By Holly Sutton on 1 March 2018
Tougher guidelines for HuffPost UK as The Platform hits the wall
Thought leadership is an overused term, littered throughout marketing and PR plans. So ubiquitous has the practice of self promotion via comment-style pieces online become that the US HuffPost scrapped its self publicising contributor platform at the end of last month.
Set up in May 2005, The Platform was a revolutionary new way for people without a voice to put a megaphone to their opinions. Before the advent of Twitter, and when Facebook was just a start-up, this was a totally novel idea. Now, not so much.
Such is the din of self publicity State-side that it’s become a case of ‘see ya later’ for Americans who previously had an open-source, highly search-optimised blogging platform to post regular ‘content’ based on their areas of expertise and unique insight. Instead, HuffPost US is going back to old school with its commentary – appointing a series of well-known commentators on HuffPost Opinion and commissioning first-person narratives, interviews and features on HuffPost Personal.
But in the UK, we get to keep our blogging platform, with the caveats of a stricter set of rules aimed at improving its content for HuffPost readers.
Currently, the blogging platform works through an initial pitch process to the blogs editorial team about why you have opinions that HuffPost readers might care about. Once you’ve been accepted onto the platform you are provided with login details that mean that, as frequently as once a month, you can upload a piece of 800-1500 words on a topic of your choosing. Prior to this recent announcement, the HuffPost editorial team would give your uploaded content a quick once- over to check it didn’t break any of their rules’s not offensive and tidy up any erroneous grammar and typos. Previously, within a few hours your copy would be up on their site for HuffPost’s millions of readers to see.
Now, the news rule bring with them a stricter vetting period and longer period from uploading the content onto the platform to seeing it published on the site. The new rules forbid:
- Anything too niche
- Too introspective or diary-like
- The airing of personal business
- Product endorsements
- Publicity posts
With bans on bloggers who breach these new guidelines.
HuffPost UK says they want Brits to continue to use to use the blogging platform to do what it does best, that is:
- Amplify the voices of people who otherwise go unheard
- Set the agenda with influential perspectives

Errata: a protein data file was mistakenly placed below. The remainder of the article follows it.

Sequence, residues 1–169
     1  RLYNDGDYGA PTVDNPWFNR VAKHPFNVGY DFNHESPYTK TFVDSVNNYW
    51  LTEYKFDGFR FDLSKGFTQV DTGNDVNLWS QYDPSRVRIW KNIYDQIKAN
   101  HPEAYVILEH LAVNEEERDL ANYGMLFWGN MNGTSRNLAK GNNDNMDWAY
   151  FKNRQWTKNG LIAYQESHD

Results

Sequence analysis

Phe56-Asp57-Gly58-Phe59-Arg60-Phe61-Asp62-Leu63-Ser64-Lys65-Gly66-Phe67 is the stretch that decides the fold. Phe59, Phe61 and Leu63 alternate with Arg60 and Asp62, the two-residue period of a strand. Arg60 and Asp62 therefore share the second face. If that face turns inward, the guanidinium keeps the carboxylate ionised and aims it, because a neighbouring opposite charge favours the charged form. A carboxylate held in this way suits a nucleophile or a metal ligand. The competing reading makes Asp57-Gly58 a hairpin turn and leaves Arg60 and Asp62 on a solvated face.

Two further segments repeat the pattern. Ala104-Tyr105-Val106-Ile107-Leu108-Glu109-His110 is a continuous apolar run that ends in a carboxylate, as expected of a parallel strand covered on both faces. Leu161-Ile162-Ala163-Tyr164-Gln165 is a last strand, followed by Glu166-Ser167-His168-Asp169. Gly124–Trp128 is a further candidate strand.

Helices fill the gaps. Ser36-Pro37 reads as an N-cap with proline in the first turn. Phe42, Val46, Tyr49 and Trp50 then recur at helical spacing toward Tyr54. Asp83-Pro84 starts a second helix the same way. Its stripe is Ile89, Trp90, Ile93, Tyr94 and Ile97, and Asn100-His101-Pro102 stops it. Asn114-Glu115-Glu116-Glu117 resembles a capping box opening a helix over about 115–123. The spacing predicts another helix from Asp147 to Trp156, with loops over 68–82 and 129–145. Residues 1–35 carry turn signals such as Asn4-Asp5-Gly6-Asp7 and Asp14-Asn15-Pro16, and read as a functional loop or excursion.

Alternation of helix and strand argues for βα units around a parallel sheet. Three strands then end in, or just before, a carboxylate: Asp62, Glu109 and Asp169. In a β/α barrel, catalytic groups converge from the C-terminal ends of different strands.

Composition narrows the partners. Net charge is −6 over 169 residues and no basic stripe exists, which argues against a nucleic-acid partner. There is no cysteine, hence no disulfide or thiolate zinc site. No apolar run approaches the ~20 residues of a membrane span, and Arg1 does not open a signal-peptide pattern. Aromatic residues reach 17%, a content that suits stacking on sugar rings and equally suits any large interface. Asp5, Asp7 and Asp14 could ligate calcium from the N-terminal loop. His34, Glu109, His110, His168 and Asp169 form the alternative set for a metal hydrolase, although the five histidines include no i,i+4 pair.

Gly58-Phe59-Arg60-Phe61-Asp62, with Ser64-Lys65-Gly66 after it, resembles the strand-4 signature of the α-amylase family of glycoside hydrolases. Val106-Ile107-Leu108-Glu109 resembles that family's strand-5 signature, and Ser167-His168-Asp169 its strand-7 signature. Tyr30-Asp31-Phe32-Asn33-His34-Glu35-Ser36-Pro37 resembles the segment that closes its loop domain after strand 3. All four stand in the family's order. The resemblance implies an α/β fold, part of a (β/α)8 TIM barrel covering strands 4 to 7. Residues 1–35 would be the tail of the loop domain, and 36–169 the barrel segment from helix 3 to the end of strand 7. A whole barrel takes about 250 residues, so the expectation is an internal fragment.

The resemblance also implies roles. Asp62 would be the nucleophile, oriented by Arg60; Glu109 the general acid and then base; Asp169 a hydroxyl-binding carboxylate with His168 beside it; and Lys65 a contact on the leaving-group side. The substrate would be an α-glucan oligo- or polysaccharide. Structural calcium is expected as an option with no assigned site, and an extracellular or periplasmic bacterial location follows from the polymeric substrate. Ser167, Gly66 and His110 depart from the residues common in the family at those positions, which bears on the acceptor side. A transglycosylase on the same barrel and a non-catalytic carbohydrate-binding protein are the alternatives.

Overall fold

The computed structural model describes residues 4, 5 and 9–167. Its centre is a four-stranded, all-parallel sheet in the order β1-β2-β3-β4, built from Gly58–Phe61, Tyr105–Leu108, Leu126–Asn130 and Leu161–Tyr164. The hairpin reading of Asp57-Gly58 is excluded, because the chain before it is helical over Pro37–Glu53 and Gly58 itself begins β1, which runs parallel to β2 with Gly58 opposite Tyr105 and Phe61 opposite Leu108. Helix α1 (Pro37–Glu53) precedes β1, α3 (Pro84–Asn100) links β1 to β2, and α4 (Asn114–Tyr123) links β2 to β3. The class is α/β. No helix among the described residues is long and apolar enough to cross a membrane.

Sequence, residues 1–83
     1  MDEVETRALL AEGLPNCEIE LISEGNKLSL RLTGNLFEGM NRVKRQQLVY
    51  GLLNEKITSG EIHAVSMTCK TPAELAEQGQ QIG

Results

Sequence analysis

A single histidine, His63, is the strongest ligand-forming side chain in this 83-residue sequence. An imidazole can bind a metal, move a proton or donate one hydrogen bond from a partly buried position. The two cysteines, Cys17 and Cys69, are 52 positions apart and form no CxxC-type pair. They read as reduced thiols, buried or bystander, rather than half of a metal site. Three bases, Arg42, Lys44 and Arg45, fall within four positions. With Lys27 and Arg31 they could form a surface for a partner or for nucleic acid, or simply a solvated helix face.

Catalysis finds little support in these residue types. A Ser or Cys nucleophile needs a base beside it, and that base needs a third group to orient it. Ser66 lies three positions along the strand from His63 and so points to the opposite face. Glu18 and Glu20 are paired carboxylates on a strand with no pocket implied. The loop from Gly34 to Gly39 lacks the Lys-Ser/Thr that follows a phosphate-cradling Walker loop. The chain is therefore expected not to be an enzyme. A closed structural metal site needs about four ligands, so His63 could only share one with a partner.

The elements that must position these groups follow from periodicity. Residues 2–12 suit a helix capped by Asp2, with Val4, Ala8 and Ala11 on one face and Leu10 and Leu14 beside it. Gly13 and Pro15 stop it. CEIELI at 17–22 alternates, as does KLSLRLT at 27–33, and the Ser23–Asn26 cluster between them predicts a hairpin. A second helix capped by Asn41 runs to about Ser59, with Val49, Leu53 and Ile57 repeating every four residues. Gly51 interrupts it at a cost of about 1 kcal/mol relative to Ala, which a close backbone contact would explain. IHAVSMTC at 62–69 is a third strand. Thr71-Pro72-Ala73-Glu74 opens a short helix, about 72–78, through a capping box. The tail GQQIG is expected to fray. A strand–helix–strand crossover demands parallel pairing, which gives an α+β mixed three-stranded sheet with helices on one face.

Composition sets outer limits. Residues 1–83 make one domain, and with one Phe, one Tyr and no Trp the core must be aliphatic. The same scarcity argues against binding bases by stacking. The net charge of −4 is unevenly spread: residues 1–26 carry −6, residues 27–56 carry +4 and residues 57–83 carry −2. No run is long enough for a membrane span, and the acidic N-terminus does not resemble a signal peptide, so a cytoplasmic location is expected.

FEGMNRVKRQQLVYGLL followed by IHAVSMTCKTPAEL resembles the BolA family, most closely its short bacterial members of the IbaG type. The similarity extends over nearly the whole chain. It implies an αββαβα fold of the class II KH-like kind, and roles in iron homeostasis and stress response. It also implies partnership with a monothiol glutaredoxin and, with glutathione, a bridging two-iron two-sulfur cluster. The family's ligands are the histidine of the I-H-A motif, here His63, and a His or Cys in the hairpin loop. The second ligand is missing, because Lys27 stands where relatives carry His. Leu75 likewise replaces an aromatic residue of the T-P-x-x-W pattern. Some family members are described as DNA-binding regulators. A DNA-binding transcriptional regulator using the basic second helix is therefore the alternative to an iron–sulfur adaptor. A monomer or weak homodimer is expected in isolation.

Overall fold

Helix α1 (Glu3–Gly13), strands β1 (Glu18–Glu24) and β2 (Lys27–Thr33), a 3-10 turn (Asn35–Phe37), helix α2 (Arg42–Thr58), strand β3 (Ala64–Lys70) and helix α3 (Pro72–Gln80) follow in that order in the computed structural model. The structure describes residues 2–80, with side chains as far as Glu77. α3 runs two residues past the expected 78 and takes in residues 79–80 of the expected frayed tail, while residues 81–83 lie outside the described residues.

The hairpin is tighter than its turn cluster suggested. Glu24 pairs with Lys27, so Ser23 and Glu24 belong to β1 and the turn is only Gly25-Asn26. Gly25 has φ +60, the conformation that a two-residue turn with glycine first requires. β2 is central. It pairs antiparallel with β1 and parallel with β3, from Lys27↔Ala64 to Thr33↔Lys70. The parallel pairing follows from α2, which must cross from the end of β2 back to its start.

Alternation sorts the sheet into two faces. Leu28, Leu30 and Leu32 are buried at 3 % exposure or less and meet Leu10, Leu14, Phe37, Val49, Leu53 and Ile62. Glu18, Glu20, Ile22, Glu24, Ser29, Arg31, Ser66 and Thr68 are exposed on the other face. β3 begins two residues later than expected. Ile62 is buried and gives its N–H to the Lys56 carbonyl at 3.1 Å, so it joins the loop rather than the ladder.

- Analyse and scrutinise the news agenda with informed perspectives and personal experiences
- Showcase your brilliant writing and strong opinions
- Help you find an audience
We have used this platform since its inception in 2011 for many of our clients; from Professor Henrietta Moore to share her opinions on what ‘spreadsheet Phil’ could have done for a truly radical Budget; to CEO of Action on Elder Abuse Gary FitzGerald’s piece spotlighting abuse of older women. Both of these pieces would pass the new more stringent vetting processes and I hope would also meet HuffPost UK’s advice for the ‘best blogs’ which it says are:
- Engaging, persuasive and written for a wide audience
- Written in the first person
- Opinion-led, persuasive and geared toward a UK audience
- Include personal experience or demonstrable expertise
- And always answer the question: why does the HuffPost audience need to hear this from me, and why now?
There’s nothing quite so tart as losing something to make you savour what you had in the first place. And I imagine there are quite a few US commentators that will sorely miss The Platform. But, while it’s still here in the UK, we should make the most of this phenomenal opportunity to share well-informed opinion that challenges and engages brand new audiences. For reach figures – the site struggles to be bettered – reaching up to 5.9 million worldwide.
Hopefully the demise of the uncensored US version will focus minds at HuffPost UK on ensuring that articles meet the highest journalistic standards, keeping ‘The Blog’ going for a long time to come. But that’s only one side of the equation: it’s also incumbent on contributors to ensure their pieces address real issues of concern in a thought-provoking way and aren’t simply blatant commercial or reputational plugs.
If you would like help to make the most of the opportunities HuffPost and other such sites present you and your business, please don’t hesitate to get in touch*.
*Self-promotion not forbidden here as it’s on our own site!